Successful Business Strategies Discussed at Goldwell Hub Network

by laurahusband / last updated June 5, 2019


Over 170 salon owners discovered how to win at business during Goldwell’s four-day Hub Network’s official industry panel in Sicily last month.

The focus of this year’s Goldwell Hub Network was how to win at business – how salon owners can win, how salon teams can win and how to stand out against the local competition. Kao Salon Division’s new general manager, Julie Winchester, opened the jam-packed conference.

She said she’s extremely excited to be working with a brand that is focused on helping its customers: “I want you to use this event to reflect on the challenges you face every day and to learn from one another other.” Julie added: “Customers today are not just looking for value, they are looking for an experience and the salon industry is the one industry on the high street that can deliver it.”

Win with your services

Goldwell’s head of education Irene Meikle told attendees there are three key haircare areas that are expected to grow in the next few years. She believes now is the time to include scalp care, anti-ageing and clarifying options on your services menu. She pointed out that 86% of salons found scalp products boosted their retail sales so this could be the secret to winning in business this year.

Trichologist and salon owner Trisha Buller already uses scalp treatments to set her salon apart from local competitors. She said: “You need to change the terminology you use to avoid undervaluing your brand. If a client has a facial, they have an exfoliator, a serum and finally a moisturiser so you need to explain this idea to your clients if they really want to protect the health of their hair and scalp.”

8 ways to win at social media

Social Chain’s CEO Steven Bartlett shared his eight tips for growing a salon business using social media in 2019.

  1. Create a podcast
    “Podcasts are the best way to get die-hard fans. I’ve created podcasts and it’s what most of my customers will email me about.”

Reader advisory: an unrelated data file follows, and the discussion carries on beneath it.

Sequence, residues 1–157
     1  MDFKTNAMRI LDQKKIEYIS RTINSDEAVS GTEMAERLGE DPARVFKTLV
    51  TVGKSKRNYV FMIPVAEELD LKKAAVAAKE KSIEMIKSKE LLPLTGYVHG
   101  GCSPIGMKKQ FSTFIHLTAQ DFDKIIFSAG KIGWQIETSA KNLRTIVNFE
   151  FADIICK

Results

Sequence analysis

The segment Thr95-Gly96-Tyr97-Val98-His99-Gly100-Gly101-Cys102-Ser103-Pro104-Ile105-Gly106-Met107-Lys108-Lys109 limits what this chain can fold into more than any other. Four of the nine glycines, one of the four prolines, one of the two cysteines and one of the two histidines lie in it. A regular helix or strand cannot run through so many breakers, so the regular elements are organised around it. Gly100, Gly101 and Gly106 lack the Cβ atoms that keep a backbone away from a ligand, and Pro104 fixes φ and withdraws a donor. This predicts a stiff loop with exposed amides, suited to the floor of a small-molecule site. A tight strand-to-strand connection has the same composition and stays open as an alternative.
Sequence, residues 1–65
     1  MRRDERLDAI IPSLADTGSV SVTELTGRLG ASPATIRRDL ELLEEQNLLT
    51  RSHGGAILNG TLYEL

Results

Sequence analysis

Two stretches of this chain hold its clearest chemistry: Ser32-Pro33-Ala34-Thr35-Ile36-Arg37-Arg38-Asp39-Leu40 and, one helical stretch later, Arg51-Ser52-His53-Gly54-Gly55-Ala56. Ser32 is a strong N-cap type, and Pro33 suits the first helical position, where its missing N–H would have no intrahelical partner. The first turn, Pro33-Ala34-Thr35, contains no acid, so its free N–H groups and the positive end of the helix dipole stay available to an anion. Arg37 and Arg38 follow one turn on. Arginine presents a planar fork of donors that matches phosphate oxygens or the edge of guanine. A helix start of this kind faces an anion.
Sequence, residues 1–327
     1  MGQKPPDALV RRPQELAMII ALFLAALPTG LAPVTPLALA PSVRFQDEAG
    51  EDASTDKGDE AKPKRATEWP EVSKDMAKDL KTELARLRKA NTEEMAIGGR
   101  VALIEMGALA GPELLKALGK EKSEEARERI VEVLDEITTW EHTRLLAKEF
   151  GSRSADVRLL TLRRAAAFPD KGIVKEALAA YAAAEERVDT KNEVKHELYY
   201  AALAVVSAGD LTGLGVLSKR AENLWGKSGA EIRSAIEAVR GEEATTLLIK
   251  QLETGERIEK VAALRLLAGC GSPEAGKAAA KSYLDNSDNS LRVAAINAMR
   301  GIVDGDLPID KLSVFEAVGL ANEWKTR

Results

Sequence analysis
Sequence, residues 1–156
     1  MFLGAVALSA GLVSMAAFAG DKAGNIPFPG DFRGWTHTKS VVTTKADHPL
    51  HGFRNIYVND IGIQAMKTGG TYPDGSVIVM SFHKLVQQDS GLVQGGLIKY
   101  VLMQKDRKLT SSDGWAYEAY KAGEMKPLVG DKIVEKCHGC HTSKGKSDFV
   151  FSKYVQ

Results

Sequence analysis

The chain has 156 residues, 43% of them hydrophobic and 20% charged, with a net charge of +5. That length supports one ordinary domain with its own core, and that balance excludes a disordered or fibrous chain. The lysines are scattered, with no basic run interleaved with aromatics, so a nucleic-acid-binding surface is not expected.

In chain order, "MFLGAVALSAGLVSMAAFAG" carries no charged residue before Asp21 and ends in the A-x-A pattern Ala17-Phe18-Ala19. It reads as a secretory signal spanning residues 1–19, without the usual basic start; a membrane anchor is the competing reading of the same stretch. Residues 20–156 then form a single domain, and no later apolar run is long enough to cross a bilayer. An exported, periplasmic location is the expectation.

2. Create a personal LinkedIn account
    “Linkedin gives free reach from personal accounts and when you comment the article goes onto every news feed. Remember, emotional stories work best on Linkedin.”
  3. Use IGTV on Instagram
    “IGTV is a new feature on Instagram, which means it is being pushed out to all of its members.
  4. Use your time wisely on Instagram
    “Include captions with every grid post – make them really long, personal and honest. If someone looks at your post for longer, Instagram assumes it is good content. Plus, always end an Instagram post with a question as receiving comments will increase your reach.”
  5. Instagram Checkout
    “Instagram recently introduced checkout so in two clicks consumers can buy products without leaving the app and this could lead to clients being able to book salon appointments on Instagram too.”
  6. Download Whatsapp Business
    “Whatsapp recently launched Whatsapp Business, which will be good for the salon industry as you will be able to use it to interact with clients using automated tools to sort and quickly respond to messages.”
  7. Facebook groups
    “The future of Facebook is based on groups so go and create a hair and beauty group for your local area now if it doesn’t already have one.”
  8. Try a messaging bot
    “If your salon doesn’t have a messaging bot, you’re missing an opportunity as you can use it to collect bookings through your salon’s Facebook page.”

Create a winning team

Psychologist and business coach Simon Clarkson revealed the secret to changing the way your team behave is changing the way they think first. He recommends asking your team to visualise a new behaviour before asking them to carry it out as this will help to create a faster neural pathway in their brain. He also said you will need to create a working environment where you and your team feel comfortable talking openly about failures or issues as this will help everyone to learn from them in the future.

Chair rental challenges